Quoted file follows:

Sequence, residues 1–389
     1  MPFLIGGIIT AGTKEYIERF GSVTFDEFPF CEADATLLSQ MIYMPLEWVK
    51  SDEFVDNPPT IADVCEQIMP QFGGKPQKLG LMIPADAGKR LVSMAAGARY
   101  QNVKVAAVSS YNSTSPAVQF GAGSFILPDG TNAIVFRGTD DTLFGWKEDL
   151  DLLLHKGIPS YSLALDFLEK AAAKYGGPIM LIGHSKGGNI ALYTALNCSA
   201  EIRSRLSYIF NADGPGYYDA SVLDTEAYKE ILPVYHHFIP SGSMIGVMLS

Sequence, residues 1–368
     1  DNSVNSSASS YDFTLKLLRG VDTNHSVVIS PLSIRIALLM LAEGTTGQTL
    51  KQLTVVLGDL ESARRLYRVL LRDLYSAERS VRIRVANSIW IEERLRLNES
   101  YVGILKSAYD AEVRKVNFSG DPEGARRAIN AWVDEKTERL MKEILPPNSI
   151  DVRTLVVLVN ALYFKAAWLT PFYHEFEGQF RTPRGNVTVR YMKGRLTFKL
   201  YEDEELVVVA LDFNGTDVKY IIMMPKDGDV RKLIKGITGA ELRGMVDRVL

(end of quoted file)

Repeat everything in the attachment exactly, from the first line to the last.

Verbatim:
Sequence, residues 1–389
     1  MPFLIGGIIT AGTKEYIERF GSVTFDEFPF CEADATLLSQ MIYMPLEWVK
    51  SDEFVDNPPT IADVCEQIMP QFGGKPQKLG LMIPADAGKR LVSMAAGARY
   101  QNVKVAAVSS YNSTSPAVQF GAGSFILPDG TNAIVFRGTD DTLFGWKEDL
   151  DLLLHKGIPS YSLALDFLEK AAAKYGGPIM LIGHSKGGNI ALYTALNCSA
   201  EIRSRLSYIF NADGPGYYDA SVLDTEAYKE ILPVYHHFIP SGSMIGVMLS

Sequence, residues 1–368
     1  DNSVNSSASS YDFTLKLLRG VDTNHSVVIS PLSIRIALLM LAEGTTGQTL
    51  KQLTVVLGDL ESARRLYRVL LRDLYSAERS VRIRVANSIW IEERLRLNES
   101  YVGILKSAYD AEVRKVNFSG DPEGARRAIN AWVDEKTERL MKEILPPNSI
   151  DVRTLVVLVN ALYFKAAWLT PFYHEFEGQF RTPRGNVTVR YMKGRLTFKL
   201  YEDEELVVVA LDFNGTDVKY IIMMPKDGDV RKLIKGITGA ELRGMVDRVL